The heat dome brings potentially historic temperatures to much of the country

The Northeast and Midwest, including New York City and Boston, are expected to experience what is expected to be the warmest weather in 30 years this week as a warm dome settles over much of the country.

Over the next six days, 265 million people, or about 82% of the U.S. population, are likely to experience temperatures above 90 degrees as the official first day of summer arrives on Thursday.

Many cities in the Midwest and Northeast will feel 100 to 105 degrees with high humidity for up to five days of 95-plus degree weather during what the National Weather Service calls a rare and prolonged heat wave.

As of Monday morning, 17 states from Iowa to Maine were under heat warnings. A heat watch was issued Sunday for parts of New England, including Connecticut, Massachusetts and New Hampshire. Temperatures in Concord, New Hampshire are forecast to reach 101 on Wednesday.

The Ohio Valley may experience the most impactful heat wave of the 21st century. Louisville, Kentucky, forecast highs of 94 degrees on Wednesday, 97 degrees on Thursday and 99 degrees on Friday.

New York City could feel its first heat wave of the year as temperatures are forecast to reach 91 degrees on Wednesday and 94 on Thursday and 96 on Friday.

New York City Mayor Eric Adams said at a news conference Monday morning that he expects the National Weather Service to issue a heat advisory for the nation’s largest city on Thursday and Friday. He said the cooling centers will be opened on Tuesday.

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“We expect the heat index to reach 99 degrees Thursday and Friday,” Adams said. “We want to be clear, this is very hot in June and New Yorkers should not underestimate the heat.”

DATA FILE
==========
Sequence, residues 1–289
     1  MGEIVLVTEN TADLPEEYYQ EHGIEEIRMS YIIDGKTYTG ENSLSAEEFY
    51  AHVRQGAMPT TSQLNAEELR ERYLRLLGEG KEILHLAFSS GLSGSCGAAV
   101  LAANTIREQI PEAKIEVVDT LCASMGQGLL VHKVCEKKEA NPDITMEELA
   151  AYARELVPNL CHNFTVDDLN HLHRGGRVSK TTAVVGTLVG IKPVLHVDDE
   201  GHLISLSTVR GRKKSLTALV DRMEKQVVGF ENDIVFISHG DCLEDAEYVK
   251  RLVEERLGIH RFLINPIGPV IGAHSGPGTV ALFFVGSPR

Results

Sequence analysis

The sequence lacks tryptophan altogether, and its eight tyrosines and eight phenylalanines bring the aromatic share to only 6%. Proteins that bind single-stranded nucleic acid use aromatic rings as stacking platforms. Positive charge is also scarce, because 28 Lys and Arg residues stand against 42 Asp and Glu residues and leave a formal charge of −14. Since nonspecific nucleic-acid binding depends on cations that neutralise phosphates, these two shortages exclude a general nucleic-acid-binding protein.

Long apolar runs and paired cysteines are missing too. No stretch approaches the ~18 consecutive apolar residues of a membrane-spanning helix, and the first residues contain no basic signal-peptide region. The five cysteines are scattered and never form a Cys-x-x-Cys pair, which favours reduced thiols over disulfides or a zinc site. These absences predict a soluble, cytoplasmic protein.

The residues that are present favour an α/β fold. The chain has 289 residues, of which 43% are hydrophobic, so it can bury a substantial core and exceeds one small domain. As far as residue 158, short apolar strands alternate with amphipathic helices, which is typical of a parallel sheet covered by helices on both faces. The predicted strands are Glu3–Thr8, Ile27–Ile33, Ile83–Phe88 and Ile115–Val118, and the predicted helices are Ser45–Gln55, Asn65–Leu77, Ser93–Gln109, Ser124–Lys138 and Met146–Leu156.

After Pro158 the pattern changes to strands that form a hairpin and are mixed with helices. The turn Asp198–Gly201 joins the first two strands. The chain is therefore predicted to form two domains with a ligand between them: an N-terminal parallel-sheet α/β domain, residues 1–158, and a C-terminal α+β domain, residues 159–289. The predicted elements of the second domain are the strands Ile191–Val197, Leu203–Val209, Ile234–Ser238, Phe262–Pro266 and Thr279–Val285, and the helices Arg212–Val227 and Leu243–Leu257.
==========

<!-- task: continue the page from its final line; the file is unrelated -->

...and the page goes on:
Pittsburgh is in for hot weather, with temperatures expected to rise from 97 degrees on Tuesday and Wednesday to 98 degrees on Thursday and Friday.

The heat-wave forecast for Pittsburgh calls for the city’s all-time hottest June. The previous five-day June record occurred in 1994 with a temperature of 96.4 degrees.

The all-time record for a heat wave occurred in Pittsburgh in mid-July 1988, when city residents sweltered through five consecutive days of 98.6-degree temperatures.

Washington, D.C., is expected to be inundated with 90-degree weather and could reach the century mark by Friday.

High temperatures are also forecast for Ohio and southeastern Michigan, where an extreme heat watch is in effect Monday through Friday.

Daily temperature records are expected to drop this week in Chicago, Green Bay, Cleveland and Toledo.

Upstate New York could see daily heat records fall. In Rochester, Monday’s temperature is forecast to reach 94 degrees, tying the daily record. Syracuse is forecast to reach 94 degrees on Monday, breaking the daily record.

To the west, dangerous heat is expected in Texas, Arizona, Nevada and New Mexico.

Extreme heat warnings were issued for Phoenix and Tucson, Arizona, where temperatures threatened to reach 110 degrees on Sunday.

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Roswell, New Mexico, is expected to reach 105 degrees on Sunday, and El Paso and Fort Stockton, Texas, are expected to be warmer.

Officials warn people braving high temperatures to stay hydrated, get out of the heat, and visit elderly neighbors and relatives.

In 2023, there were 2,302 heart-related deaths nationwide, a 34% increase from 2022.

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